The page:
P2P case on heels of Kazaa verdict

By Carmen Russell The China Post

On Friday, the Taiwan District Court is expected to rule on a copyright infringement case against the nation’s largest peer-to-peer (P2P) file swapping firm Kuro. The verdict will be coming only four days after Kazaa lost a similar case in Australia where the country’s highest court found the file-swapping software responsible for the copyrighted content its members illegally downloaded.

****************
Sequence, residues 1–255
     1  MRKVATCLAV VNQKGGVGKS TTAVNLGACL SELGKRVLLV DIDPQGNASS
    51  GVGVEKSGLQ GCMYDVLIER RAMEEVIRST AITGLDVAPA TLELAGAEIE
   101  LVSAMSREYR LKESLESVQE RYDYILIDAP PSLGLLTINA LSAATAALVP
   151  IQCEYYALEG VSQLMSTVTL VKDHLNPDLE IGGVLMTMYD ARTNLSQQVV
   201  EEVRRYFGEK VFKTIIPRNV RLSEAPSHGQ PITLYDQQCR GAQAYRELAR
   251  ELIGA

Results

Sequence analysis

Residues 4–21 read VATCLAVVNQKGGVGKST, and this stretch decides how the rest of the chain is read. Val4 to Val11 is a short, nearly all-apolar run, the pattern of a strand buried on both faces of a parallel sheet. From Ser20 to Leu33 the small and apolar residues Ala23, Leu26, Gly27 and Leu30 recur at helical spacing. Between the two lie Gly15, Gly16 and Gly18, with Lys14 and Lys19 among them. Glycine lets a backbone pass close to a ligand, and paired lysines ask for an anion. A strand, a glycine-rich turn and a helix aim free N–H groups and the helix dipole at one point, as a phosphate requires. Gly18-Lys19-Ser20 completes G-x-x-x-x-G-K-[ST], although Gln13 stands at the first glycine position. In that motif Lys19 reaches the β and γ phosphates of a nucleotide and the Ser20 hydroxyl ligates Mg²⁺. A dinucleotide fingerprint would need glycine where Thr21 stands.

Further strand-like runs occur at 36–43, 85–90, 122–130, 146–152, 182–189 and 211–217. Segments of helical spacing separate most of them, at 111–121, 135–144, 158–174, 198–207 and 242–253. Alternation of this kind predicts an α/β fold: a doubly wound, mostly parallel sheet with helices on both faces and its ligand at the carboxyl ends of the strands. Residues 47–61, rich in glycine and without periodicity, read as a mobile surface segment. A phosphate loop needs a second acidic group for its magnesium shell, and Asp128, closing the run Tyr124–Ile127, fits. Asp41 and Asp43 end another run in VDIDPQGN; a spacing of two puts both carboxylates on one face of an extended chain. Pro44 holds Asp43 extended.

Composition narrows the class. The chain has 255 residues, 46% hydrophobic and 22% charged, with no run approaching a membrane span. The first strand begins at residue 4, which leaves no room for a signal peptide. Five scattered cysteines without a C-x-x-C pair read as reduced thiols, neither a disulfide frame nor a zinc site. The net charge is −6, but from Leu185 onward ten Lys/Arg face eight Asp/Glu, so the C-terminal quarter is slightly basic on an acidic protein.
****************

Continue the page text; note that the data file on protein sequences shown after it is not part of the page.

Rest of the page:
“The respondents authorized users to infringe the applicant’s copyright in their sound recordings,” Australia Federal Court Judge Murray Wilcox said in his ruling Monday. The music industry has estimated that as many as 100 million people have used Kazaa to download 3 billion music files for free each month. The results of the case, however, were not a total win for Sony BMG, EMI, Warner and the other plaintiffs in the music industry that filed the suit in 2002. Rather than order Sharman Networks, Kazaa’s distributor, to cease and desist, Wilcox simply required the company to modify its software so that it would not continue to “encourage” illegal sharing. Still, the verdict has given hope to the International Federation of the Phonographic Industry (IFPI) and the other plaintiffs in the Taiwan case which filed their lawsuit two years ago. Following announcement of the Australia court verdict, IFPI’s secretary general in Taiwan Robin Lee has said “I am eagerly looking forward to Friday’s judgment.” The IFPI, along with other members of the record industry, initially accused Kuro in August, 2003, of violating copyright law by encouraging its members to trade in copyrighted content music. They formally filed a lawsuit in December of the same year. Kuro is the largest file-swapping Internet software in Taiwan with more than 500,000 members online. Lee notes that “by charging each user NT$99 per month, the company is making NT$600 million per year” off content it doesn’t own. Meanwhile, Lee notes, the recording industry is losing sales. “Last year the Taiwan recording industry had a volume of 4.4 billion,” Lee explained. “In the first half of this year, sales saw a decline of 30 percent compared to the same period last year.” While another landmark case against file-sharing companies such as Grokster and Morpheus before the U.S. Supreme Court in June also resulted in a victory for the recording industry, Taiwan’s judicial record has been more spotty. In the same month, the Shilin District Court found Expeer, another Taiwan-based file-sharing service provider, not guilty of copyright infringement. Lee expressed a feeling that it set a dangerous precedent for Taiwan. “”P2P firms in the U.S., Australia and Japan have all lost their cases,” Lee said. “I hope that the justice system won’t let Taiwan become a haven for Internet piracy.” David Yang, a spokesperson for Fashionnow Co., Ltd, which distributes Kuro, however, is unfazed by either the industry’s accusation or the potential outcome of the court case. “There have been many lawsuits recently with different results,” he said. “We think the situation will remain the same no matter what happens Friday. If we lose the case, it doesn’t mean our members will go back to the old ways and buy CDs. Lawsuits are not the key to solving the problem.” Rather, Yang says, the industry must come to terns with the new environment. “We are facing a new age,” he responded to the industry. “You must change the way you make your money and find cooperation between Kuro’s members and the artists. There must be new rules which allow digital music to run its course.”